Change in all things is sweet.
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The orator persuades by moral character when his speech is delivered in such a manner as to render him worthy of confidence; for we feel confidence in a greater degree and more readily in persons of worth in regard to everything in general, but where there is no certainty and there is room for doubt, our confidence is absolute.
Men were first led to the study of philosophy, as indeed they are today, by wonder.
One should not study what is best, but also what is possible, and similarly what is easier and more attainable by all.
We must no more ask whether the soul and body are one than ask whether the wax and the figure impressed on it are one.
Persuasion is achieved by the speaker's personal character when the speech is so spoken as to make us think him credible. We believe good men more fully and more readily than others: this is true generally whatever the question is, and absolutely true where exact certainty is impossible and opinions are divided.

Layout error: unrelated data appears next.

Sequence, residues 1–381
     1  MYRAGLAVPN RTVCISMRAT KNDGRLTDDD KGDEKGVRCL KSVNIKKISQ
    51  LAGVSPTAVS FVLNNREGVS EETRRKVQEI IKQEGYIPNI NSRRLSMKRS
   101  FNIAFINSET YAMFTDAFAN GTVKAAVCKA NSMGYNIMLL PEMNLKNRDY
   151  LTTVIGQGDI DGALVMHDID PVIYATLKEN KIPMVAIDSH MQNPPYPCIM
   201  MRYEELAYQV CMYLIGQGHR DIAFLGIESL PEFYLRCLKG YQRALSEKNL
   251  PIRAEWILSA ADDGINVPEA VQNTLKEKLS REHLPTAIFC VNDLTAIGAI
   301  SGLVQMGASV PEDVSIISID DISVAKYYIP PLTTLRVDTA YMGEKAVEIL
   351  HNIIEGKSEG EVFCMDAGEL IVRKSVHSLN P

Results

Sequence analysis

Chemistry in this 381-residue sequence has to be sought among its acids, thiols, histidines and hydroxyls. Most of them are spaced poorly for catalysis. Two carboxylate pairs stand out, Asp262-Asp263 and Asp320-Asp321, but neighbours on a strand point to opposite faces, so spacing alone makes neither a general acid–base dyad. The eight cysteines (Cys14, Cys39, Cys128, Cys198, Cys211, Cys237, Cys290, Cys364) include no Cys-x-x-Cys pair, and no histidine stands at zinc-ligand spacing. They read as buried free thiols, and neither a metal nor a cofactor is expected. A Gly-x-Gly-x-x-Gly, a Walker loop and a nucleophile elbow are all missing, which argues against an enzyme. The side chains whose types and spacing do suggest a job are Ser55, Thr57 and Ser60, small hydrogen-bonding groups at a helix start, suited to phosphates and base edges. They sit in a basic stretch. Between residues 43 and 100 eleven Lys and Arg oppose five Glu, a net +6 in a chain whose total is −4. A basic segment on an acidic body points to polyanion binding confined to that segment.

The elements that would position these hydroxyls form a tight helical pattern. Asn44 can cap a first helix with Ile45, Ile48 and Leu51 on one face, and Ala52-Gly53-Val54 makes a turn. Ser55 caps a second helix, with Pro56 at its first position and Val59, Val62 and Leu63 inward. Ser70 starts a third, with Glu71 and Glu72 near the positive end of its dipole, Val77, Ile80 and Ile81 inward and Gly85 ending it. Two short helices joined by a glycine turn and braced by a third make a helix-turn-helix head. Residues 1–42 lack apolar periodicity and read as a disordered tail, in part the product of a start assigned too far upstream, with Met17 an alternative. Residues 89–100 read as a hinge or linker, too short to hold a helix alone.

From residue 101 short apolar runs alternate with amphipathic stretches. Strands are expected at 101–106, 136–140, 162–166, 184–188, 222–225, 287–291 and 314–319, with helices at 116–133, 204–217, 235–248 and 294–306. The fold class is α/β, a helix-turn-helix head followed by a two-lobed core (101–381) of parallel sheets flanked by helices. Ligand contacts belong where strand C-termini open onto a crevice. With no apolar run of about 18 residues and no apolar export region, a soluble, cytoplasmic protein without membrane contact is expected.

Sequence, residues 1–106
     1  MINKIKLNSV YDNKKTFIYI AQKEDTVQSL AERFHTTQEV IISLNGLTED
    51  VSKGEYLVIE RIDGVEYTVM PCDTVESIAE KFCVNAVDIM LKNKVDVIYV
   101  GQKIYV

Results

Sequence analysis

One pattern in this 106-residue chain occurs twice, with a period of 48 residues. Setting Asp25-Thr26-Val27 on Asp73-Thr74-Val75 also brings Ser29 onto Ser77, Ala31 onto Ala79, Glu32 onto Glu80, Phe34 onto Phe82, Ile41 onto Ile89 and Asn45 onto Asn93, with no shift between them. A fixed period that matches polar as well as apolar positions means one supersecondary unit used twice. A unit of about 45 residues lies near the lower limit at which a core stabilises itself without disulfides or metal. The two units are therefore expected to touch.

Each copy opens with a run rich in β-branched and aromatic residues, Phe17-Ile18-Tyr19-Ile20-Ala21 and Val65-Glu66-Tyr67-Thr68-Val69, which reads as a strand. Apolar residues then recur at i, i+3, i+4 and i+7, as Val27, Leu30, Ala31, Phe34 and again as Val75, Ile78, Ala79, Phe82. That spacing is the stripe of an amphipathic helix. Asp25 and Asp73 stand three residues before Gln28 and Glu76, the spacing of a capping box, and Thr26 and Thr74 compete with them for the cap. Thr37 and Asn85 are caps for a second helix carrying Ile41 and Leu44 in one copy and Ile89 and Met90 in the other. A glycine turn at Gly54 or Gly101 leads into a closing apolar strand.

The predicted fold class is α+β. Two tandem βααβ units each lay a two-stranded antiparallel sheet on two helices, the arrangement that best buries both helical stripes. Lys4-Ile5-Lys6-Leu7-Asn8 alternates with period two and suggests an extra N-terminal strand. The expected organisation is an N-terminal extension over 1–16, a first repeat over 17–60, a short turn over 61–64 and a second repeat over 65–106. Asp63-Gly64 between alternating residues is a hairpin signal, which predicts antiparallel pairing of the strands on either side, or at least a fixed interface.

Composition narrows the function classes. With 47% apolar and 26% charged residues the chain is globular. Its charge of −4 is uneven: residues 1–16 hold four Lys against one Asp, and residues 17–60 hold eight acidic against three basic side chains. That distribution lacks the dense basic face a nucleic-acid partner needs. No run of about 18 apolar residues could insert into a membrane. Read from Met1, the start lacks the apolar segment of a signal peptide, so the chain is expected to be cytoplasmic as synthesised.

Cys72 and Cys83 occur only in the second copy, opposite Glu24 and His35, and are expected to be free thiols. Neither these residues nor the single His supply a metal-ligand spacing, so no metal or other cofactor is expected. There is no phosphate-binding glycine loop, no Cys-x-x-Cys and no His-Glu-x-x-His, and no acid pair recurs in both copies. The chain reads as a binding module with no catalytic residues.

But there is a difference: in Rhetoric, one who acts in accordance with sound argument, and one who acts in accordance with moral purpose,are both called rhetoricians; but in Dialectic it is the moral purpose that makes the sophist, the dialectician being one whose arguments rest, not on moral purpose but on the faculty.
Anything whose presence or absence makes no discernible difference is no essential part of the whole.
Pleasure causes us to do base actions and pain causes us to abstain from doing noble actions.
Dignity does not consist in possessing honors, but in deserving them.
A sign of this is what happens in our actions, for we delight in contemplating the most accurately made images of the very things that are painful for us to see, such as the forms of the most contemptible insects and of dead bodies.
Comedy aims at representing men as worse, Tragedy as better than in actual life.